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Making Egypt's voice heard
Published in Al-Ahram Weekly on 19 - 09 - 2016

“Many of the overseas services that Egypt has inherited played an important role in Africa and Asia. However, the role of the Egyptian Overseas Service has deteriorated in the light of the general deterioration of the Egyptian Radio and Television Union (ERTU). There has been an absence of development in these services and budgetary problems. Today, some services directed to Africa do not have any tangible effects,” said Dean of Mass Communications at the British University in Cairo Mohamed Shouman.
“There is no clear vision of the role of the Overseas Service and international media in general in the ERTU. As a result, the image of Egypt abroad has suffered despite domestic successes and the target audiences do not listen to the programmes,” he added.
“In the past the Egyptian African radio services aimed at helping the neighbouring African countries gain their independence from their British or French occupiers, using more than 19 languages to speak to them. African leaders would come to Egypt and use these stations to address their peoples, encouraged by late president Gamal Abdel-Nasser, with the result that these stations played a major role in liberating many African nations,” commented Ghanaian-Egyptian African affairs expert Gamal Nkrumah.
“After the liberation movements had succeeded, these stations ceased to be political platforms and acquired cultural roles instead.
However, today the stations have decreased in number and only four languages are used, Swahili, Amharic, Hausa, and Somali,” he added.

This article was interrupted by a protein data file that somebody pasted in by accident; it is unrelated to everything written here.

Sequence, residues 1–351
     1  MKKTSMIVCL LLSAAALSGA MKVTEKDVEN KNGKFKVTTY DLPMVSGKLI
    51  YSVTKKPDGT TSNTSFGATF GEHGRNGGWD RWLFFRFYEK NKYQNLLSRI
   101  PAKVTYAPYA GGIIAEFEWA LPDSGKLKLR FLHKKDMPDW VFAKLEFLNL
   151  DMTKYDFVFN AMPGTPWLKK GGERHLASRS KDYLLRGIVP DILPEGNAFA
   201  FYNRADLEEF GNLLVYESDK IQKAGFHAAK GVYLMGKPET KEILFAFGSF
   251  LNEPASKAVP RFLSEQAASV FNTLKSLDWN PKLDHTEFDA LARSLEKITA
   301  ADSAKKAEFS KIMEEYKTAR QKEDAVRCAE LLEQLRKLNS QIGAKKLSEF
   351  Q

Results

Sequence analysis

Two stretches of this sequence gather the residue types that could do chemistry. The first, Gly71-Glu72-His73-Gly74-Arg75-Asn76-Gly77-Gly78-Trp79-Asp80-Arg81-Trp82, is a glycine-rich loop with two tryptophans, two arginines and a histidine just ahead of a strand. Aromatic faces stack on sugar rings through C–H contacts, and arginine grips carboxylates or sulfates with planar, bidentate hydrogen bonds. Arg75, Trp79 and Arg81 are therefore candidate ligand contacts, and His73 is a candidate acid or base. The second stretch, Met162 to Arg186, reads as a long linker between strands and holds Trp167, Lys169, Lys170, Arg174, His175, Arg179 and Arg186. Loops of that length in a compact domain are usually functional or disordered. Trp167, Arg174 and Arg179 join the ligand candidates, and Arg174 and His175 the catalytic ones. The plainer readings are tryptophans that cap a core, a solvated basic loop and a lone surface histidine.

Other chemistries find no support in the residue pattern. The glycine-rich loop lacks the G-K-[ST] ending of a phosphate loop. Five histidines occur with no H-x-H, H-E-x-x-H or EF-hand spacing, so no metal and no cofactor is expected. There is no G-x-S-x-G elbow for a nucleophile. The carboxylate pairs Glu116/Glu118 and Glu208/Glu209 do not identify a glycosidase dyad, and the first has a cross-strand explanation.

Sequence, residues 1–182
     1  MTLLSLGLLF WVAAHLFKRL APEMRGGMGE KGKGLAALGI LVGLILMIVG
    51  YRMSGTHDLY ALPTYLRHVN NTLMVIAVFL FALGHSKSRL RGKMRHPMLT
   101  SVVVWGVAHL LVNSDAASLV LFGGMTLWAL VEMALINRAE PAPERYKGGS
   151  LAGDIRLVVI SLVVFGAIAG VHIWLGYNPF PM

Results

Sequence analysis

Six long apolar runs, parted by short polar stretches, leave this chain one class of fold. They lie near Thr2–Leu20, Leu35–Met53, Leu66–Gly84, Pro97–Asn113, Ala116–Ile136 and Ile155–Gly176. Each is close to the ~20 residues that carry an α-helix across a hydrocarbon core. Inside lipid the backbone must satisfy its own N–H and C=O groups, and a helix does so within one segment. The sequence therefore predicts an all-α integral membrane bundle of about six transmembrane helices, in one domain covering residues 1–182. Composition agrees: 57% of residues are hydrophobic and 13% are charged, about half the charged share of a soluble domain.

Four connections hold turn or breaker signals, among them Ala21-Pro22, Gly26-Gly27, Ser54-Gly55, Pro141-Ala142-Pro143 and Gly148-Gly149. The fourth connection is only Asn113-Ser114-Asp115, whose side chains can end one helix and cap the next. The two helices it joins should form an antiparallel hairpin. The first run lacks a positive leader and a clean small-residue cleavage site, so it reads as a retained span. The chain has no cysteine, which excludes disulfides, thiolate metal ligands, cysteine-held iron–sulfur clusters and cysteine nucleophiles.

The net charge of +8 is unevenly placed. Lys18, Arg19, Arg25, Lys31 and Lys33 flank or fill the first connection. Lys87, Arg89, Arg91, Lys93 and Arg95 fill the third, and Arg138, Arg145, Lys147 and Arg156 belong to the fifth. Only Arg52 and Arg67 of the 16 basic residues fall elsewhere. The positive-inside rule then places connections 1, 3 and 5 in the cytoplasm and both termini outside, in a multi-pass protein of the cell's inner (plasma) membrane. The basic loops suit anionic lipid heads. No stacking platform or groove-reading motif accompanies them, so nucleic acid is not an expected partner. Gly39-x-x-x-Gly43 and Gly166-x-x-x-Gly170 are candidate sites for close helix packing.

Chairperson of the Overseas Radio Network at the ERTU Sanaa Selim Shafei said that “at first the slogan of the Overseas Service was ‘friendship between nations, independence and dignity for countries,' later changed to ‘friendship between nations and co-operation between countries.' When the Overseas Service was first started, the target was to support the independence and non-alignment movements in Africa and Asia. The first three programmes, started in March 1953, were the Indonesian, Turkish, and English programmes to South and Southeast Asia.”
In 1954, other programmes were added, including the first African programme, in Swahili, which addressed nations in East and Central Africa. Other programmes followed, like the English services to West Africa and Europe. Today, the Overseas Service broadcasts programmes in 23 languages on 35 stations to all continents.
Shafei said that changing variables had made the stations review their targets on a regular basis. “For example, the Hebrew programme began in 1958 when we did not have diplomatic relations with Israel. Our relationship changed after the 6 October War, and we changed the way of writing programmes in Hebrew and of presenting them. Some voices in Israel were demanding peace, so we tried to foster discussion. We have also focussed on the problems of the Palestinians, dealing with events in Israel and in the Palestinian Occupied Territories.”
“The service helps people know the facts, as some people still believe what the Israeli media says even though many things on it may not be true,” she added.
As far as the African countries are concerned, the Overseas Service tries to “highlight the new reality of Africa, a continent full of wealth and manpower and yet having a small trading relationship with Egypt,” Shafei said. “We focus on Egyptian projects in West and East Africa and more recently on the problem of the Grand Renaissance Dam in Ethiopia. We have common aims and a common destiny with Africa, and it is this that we want to spread,” she commented.